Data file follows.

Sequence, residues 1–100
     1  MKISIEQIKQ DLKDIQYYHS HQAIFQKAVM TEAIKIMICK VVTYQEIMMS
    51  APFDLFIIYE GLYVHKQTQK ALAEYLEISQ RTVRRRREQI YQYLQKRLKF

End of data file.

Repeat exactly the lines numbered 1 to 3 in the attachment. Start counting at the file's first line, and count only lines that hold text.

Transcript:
Sequence, residues 1–100
     1  MKISIEQIKQ DLKDIQYYHS HQAIFQKAVM TEAIKIMICK VVTYQEIMMS
    51  APFDLFIIYE GLYVHKQTQK ALAEYLEISQ RTVRRRREQI YQYLQKRLKF